Cracking of Poly(butylene terephthalate) Automotive Sleeves
A number of plastic sleeves used in an automotive application cracked after assembly but prior to installation into the mating components. The sleeves were specified to be injection molded from a 20% glass-fiber-reinforced polybutylene terephthalate (PBT) resin. After molding, electronic components are inserted into the sleeves, and the assembly is filled with a potting compound. Investigation of the cracked parts and some reference parts available for testing included visual inspection, micro-FTIR in the ATR mode, and analysis using DSC. Subtle spectrum differences suggested degradation of the failed part material, and the thermograms supported this. The conclusion was that the failed sleeves had cracked due to embrittlement associated with severe degradation and the corresponding molecular weight reduction. The reduction in molecular weight significantly reduced the mechanical properties of the sleeves. The cause of the degradation was not evident, but the likely source appears to be the molding operation and exposure to elevated temperature for an extended period of time.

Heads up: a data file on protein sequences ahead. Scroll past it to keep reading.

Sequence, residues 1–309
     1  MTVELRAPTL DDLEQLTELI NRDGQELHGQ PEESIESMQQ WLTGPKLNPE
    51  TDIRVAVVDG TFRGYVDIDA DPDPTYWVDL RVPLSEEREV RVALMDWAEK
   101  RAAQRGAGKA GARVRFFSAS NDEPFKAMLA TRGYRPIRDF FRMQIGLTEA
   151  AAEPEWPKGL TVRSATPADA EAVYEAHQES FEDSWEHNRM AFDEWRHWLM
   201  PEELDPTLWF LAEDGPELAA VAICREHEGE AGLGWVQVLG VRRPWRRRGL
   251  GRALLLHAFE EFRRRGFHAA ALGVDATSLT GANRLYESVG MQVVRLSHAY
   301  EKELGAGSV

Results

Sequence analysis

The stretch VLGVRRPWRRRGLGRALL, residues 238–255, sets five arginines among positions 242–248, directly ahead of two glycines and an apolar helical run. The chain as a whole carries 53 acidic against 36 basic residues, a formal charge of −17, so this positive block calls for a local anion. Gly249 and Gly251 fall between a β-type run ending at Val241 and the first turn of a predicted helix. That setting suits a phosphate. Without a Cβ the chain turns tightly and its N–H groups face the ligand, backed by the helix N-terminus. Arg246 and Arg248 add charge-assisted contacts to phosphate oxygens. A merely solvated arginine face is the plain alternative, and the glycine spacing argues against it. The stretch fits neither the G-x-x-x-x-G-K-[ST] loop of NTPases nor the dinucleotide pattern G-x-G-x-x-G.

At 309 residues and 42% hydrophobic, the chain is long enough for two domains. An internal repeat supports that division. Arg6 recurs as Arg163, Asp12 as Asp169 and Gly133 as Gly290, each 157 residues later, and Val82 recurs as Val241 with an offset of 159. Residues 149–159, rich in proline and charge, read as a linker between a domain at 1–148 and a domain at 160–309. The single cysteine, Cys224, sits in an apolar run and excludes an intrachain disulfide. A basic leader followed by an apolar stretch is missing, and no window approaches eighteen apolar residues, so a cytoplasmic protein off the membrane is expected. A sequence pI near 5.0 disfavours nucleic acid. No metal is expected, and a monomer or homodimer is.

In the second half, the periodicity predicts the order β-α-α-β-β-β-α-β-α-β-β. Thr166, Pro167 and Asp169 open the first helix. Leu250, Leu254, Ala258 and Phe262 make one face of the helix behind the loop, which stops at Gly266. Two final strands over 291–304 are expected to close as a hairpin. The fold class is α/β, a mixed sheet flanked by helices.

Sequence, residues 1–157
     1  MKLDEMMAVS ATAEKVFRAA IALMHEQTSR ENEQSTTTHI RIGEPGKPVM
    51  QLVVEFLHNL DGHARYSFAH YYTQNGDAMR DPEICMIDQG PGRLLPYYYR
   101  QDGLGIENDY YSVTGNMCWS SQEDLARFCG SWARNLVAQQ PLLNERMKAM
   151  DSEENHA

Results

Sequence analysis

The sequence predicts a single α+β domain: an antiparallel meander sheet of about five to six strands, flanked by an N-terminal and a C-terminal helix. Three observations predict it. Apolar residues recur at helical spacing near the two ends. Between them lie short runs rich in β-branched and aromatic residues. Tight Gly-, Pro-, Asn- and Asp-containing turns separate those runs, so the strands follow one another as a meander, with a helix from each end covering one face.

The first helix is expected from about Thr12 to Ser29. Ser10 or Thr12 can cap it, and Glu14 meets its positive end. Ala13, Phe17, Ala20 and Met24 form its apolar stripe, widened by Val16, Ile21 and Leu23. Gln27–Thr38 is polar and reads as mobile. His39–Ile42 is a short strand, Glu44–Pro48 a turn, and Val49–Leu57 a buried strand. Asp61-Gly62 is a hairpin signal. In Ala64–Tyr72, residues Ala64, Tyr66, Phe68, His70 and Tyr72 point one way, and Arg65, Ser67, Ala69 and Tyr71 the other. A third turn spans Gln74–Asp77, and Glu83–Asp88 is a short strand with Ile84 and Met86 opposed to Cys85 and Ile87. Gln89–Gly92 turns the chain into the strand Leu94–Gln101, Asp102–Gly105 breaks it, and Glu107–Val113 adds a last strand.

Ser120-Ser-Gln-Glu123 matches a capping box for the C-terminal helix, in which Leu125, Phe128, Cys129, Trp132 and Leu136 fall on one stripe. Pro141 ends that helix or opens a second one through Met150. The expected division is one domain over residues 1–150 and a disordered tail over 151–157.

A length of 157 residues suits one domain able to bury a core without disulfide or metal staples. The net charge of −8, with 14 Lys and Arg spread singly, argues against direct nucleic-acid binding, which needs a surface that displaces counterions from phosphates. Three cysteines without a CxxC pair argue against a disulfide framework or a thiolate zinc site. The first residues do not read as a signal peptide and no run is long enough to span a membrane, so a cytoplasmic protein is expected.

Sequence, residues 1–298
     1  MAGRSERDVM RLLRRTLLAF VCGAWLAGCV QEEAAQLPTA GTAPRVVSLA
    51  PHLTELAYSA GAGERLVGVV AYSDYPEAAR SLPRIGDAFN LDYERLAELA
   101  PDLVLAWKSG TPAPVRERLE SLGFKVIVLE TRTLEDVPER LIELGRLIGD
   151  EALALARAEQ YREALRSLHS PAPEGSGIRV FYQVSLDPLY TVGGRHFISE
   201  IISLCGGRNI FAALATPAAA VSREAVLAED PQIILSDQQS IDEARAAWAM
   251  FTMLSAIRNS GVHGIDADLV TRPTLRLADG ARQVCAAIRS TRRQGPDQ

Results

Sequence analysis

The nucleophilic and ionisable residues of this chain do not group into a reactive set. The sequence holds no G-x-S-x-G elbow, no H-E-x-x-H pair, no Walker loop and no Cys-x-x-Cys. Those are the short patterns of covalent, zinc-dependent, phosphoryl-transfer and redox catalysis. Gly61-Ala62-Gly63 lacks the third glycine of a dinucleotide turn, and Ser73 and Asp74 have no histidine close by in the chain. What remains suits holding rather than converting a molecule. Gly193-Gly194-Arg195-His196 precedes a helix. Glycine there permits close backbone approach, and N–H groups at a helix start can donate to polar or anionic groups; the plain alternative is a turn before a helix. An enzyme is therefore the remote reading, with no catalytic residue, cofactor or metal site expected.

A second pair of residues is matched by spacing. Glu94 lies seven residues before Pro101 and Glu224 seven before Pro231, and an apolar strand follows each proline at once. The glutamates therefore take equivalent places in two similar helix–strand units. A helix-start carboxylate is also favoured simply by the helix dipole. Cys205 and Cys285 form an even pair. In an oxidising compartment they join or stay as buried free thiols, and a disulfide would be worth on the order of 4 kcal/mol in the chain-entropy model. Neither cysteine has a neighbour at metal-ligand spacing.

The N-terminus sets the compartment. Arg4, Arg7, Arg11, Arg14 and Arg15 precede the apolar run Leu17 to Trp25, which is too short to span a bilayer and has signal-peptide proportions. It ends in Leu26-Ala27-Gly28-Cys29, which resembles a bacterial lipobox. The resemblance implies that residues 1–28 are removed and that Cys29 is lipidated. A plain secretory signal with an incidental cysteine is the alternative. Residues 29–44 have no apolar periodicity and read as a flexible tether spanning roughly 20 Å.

Cracking of Poly(butylene terephthalate) Automotive Sleeves, ASM Failure Analysis Case Histories: Automobiles and Trucks, ASM International, 2019, https://doi.org/10.31399/asm.fach.auto.c0090442
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